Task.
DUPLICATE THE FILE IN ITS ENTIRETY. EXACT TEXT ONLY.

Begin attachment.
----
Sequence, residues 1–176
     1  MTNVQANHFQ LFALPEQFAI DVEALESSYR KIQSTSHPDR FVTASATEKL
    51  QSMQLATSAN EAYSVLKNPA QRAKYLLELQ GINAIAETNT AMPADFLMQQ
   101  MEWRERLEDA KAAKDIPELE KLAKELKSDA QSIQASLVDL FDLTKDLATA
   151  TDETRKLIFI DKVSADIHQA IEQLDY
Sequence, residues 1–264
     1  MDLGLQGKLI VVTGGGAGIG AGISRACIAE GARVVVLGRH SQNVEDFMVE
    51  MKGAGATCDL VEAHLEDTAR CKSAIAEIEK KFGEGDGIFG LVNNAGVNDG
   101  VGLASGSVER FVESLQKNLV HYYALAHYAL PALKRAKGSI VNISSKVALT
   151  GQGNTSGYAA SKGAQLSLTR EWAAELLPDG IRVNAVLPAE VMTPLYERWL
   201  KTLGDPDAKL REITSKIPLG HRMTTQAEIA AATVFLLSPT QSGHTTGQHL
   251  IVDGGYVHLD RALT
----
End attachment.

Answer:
Sequence, residues 1–176
     1  MTNVQANHFQ LFALPEQFAI DVEALESSYR KIQSTSHPDR FVTASATEKL
    51  QSMQLATSAN EAYSVLKNPA QRAKYLLELQ GINAIAETNT AMPADFLMQQ
   101  MEWRERLEDA KAAKDIPELE KLAKELKSDA QSIQASLVDL FDLTKDLATA
   151  TDETRKLIFI DKVSADIHQA IEQLDY
Sequence, residues 1–264
     1  MDLGLQGKLI VVTGGGAGIG AGISRACIAE GARVVVLGRH SQNVEDFMVE
    51  MKGAGATCDL VEAHLEDTAR CKSAIAEIEK KFGEGDGIFG LVNNAGVNDG
   101  VGLASGSVER FVESLQKNLV HYYALAHYAL PALKRAKGSI VNISSKVALT
   151  GQGNTSGYAA SKGAQLSLTR EWAAELLPDG IRVNAVLPAE VMTPLYERWL
   201  KTLGDPDAKL REITSKIPLG HRMTTQAEIA AATVFLLSPT QSGHTTGQHL
   251  IVDGGYVHLD RALT